Cotton futures are to retreat into 2018 more significantly
than investors are factoring in, sapped by rising world production – although reviving
economic growth stands to raise demand further ahead.
Rabobank said that for now, cotton prices look poised for
more of the sharp moves which saw futures soar 14% in three sessions in mid-May
to a near-three-year high, only to give back nearly all that found over the
The bank, citing the steep hedge fund involvement in cotton,
forecast "continued volatility on nearby July futures", before the contract
later in June begins its expiry process.
"Managed money has become a large component of New York]
futures trading – recently making up 40% of total open interest.
"This is one of the largest– if not the largest – aspect driving
the July futures contract in May."
Prices to drop
However, the switch in August to the 2017-18 season, and the
prospect of a rise in production, would put the dampeners on prices, which look
poised to "fall steadily" to 70 cents a pound in the October-to-December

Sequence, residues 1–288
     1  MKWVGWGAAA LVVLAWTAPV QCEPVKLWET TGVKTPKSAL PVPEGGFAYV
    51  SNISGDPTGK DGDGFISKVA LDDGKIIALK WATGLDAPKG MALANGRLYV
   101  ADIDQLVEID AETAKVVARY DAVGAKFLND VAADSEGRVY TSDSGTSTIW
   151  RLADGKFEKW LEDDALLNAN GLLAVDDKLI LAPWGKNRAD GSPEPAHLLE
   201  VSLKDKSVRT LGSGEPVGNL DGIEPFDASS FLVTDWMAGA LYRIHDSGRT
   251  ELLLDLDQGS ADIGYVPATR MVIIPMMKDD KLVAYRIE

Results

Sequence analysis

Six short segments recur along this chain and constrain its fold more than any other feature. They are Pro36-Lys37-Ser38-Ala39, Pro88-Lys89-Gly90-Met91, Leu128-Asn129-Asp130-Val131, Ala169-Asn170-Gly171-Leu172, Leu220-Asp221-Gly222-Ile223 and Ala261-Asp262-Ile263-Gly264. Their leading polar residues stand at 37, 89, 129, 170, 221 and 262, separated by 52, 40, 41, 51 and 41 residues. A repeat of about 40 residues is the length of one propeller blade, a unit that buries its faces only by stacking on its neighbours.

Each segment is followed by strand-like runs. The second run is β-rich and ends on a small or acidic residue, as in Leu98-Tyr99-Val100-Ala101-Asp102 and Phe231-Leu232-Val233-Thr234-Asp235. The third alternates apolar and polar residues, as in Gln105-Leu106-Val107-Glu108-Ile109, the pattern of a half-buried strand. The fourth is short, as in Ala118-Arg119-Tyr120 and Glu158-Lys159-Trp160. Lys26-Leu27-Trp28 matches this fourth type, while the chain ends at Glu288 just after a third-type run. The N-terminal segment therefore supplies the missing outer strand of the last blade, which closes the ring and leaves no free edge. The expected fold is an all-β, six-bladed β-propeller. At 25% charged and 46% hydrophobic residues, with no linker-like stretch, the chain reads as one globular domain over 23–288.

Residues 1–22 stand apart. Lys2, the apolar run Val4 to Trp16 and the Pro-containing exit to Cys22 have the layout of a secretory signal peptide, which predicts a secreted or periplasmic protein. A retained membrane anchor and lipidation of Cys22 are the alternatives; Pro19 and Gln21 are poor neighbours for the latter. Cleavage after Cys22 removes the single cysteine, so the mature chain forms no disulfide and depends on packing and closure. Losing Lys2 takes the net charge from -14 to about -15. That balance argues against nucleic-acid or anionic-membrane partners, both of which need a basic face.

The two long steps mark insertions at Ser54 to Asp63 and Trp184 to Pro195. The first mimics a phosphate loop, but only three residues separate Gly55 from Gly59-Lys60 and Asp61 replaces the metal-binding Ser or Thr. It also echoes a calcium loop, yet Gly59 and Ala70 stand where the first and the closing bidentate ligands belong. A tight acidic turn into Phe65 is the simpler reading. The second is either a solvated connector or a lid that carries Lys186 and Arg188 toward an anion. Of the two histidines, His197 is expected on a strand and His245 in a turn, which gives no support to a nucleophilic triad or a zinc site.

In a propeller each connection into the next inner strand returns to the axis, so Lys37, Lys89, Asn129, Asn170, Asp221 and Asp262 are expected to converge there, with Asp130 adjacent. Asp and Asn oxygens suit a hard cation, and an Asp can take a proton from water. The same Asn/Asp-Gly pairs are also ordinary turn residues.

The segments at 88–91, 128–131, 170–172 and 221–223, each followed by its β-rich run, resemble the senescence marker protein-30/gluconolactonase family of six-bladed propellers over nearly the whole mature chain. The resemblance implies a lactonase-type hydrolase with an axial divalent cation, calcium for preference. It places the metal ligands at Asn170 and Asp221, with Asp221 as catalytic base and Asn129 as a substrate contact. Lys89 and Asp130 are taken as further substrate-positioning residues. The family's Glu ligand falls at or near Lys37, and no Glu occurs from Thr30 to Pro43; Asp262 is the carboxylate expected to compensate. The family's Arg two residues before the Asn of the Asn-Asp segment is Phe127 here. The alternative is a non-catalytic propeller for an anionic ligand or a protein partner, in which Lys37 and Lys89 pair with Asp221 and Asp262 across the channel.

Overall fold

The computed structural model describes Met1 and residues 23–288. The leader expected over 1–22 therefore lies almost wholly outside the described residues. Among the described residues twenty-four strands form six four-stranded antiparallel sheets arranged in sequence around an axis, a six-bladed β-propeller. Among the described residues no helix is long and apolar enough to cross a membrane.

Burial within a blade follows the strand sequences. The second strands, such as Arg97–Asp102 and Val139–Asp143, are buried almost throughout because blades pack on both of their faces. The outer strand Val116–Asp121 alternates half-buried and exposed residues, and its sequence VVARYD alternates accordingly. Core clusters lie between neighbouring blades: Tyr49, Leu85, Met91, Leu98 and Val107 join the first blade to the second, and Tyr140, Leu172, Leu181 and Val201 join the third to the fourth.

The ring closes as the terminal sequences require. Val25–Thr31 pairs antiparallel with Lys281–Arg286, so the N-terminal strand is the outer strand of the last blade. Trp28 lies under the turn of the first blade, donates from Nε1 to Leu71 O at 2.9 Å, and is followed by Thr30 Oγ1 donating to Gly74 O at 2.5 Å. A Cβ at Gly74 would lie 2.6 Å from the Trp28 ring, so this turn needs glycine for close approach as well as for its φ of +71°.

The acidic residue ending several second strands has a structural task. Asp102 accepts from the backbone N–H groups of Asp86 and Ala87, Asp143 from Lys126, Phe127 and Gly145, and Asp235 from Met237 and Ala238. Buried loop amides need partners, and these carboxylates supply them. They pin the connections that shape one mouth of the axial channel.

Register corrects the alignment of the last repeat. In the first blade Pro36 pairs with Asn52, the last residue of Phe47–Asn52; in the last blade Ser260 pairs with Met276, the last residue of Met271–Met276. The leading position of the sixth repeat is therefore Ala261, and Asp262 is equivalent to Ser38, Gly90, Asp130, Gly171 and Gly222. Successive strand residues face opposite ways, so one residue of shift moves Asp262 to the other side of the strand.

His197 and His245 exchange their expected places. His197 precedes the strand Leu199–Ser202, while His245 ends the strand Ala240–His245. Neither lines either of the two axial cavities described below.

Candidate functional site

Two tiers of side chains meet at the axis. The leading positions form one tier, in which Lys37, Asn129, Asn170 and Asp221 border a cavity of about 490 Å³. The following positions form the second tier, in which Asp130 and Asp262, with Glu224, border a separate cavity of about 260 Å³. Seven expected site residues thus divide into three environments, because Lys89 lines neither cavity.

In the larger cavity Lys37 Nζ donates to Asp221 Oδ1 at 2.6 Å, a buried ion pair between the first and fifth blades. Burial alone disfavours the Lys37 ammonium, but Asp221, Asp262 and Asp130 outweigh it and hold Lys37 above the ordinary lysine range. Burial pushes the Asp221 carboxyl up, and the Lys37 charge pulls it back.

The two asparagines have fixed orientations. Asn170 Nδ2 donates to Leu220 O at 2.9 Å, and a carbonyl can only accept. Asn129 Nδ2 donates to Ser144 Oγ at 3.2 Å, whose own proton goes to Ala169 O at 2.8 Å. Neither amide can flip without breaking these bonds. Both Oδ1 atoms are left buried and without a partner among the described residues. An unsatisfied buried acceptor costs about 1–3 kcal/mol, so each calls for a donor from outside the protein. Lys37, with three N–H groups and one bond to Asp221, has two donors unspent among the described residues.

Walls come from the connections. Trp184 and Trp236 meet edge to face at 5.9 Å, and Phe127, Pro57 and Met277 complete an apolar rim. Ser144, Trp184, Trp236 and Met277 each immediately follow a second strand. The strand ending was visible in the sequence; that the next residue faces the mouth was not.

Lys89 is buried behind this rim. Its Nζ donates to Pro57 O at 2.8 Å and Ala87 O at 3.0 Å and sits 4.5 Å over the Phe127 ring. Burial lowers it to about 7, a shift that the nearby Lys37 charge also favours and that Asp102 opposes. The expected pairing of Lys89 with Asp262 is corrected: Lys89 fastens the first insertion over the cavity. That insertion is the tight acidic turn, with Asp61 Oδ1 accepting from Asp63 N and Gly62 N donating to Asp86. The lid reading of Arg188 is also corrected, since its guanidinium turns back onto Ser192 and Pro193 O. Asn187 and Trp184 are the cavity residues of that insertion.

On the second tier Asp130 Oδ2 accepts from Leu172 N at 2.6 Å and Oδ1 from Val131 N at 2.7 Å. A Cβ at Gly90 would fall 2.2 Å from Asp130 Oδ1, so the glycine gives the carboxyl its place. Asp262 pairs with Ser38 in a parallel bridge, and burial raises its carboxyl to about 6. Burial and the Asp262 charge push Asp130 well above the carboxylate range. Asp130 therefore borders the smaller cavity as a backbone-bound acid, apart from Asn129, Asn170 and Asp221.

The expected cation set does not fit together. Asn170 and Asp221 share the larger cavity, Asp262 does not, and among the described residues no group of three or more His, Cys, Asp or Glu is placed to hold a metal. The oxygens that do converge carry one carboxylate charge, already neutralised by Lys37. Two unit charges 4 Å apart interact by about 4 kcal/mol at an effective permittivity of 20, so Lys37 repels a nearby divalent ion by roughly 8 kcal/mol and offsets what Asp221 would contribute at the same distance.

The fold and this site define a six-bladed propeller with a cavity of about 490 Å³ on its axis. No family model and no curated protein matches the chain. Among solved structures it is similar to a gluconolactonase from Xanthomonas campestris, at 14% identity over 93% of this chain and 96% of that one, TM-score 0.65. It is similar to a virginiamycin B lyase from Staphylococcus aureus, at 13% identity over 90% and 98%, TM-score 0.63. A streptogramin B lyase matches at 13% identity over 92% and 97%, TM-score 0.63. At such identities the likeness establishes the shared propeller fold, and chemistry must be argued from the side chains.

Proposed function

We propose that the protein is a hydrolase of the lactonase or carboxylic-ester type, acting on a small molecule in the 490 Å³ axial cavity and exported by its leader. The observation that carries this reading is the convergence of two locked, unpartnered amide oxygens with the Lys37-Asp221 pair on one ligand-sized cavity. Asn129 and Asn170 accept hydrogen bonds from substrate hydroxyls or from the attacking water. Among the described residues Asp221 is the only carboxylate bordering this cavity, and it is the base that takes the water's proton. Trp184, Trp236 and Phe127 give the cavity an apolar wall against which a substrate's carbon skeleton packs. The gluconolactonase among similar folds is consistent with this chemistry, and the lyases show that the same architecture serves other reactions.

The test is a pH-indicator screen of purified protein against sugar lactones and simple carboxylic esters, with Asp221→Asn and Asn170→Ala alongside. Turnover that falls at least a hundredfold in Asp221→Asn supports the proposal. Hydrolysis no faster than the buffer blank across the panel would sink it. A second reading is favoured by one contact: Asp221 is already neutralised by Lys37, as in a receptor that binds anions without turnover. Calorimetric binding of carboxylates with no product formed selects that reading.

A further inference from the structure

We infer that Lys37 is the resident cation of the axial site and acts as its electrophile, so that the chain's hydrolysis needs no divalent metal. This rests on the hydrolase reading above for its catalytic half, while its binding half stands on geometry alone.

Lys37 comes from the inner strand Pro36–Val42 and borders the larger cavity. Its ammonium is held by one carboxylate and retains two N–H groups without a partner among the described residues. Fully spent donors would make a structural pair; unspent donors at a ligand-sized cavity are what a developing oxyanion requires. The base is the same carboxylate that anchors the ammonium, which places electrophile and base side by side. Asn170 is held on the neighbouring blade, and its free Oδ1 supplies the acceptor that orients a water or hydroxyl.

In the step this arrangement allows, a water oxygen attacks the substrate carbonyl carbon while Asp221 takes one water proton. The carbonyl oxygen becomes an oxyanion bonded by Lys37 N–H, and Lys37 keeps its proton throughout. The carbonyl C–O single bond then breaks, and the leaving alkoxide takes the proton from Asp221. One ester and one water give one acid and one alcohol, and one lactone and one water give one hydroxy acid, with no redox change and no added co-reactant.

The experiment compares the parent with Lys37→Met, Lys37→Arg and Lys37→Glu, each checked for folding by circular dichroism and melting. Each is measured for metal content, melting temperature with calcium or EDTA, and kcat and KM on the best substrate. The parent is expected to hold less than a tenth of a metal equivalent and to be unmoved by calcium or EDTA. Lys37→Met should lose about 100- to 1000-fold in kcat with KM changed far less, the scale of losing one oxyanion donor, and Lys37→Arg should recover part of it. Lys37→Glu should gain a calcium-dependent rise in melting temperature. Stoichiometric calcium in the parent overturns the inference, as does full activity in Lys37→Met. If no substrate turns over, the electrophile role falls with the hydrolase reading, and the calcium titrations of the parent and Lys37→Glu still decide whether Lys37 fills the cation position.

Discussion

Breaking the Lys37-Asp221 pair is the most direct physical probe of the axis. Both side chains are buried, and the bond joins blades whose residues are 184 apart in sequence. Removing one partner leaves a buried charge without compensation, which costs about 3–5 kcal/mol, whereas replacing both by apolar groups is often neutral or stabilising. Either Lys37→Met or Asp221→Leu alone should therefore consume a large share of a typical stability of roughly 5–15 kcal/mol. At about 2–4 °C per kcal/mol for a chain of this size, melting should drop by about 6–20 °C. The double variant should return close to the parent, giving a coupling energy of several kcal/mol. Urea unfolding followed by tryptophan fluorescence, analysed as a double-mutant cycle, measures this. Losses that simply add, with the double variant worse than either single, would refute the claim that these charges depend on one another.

That is below the 72.62 cents a pound at which the December
contract was trading at on Wednesday.
And 2018 will start "with prices back in the high 60s cents
a pound range", compared with the 72.35 cents a pound being factored in by
The forecast factored in expectation so fa 21% hike to 12.2m
acres in US cotton sowings this year, thanks to the better returns offered to
growers by the fibre compared with the likes of corn, rice, soybeans and wheat.
"India isn't far behind, with expectations that area will
increase 8% year on year in 2017-18, although estimates vary considerably,"
Rabobank said, flagging ideas of a rise in Chinese and Paksitani seedings too.
Most of the additional production - besides that in China, and
an amount equivalent to some 4m bales, the size of Australia's harvest - will
be available to world markets.
"This will weigh on the price" of cotton futures, Rabobank
However, further ahead, the bank also flagged a "positive
backdrop" for demand, boosted by world economic growth pegged at 3.65% for 2018
and 3.68% for 2019.
The bank, forecasting cotton demand growth of 1.5% next year
and 2% in 2019, said that expansion would prove "highly concentrated" in developing
Asian markets, bar China.
"Consumption growth in the spinning sectors of Vietnam,
Bangladesh and Indonesia will drive global demand growth."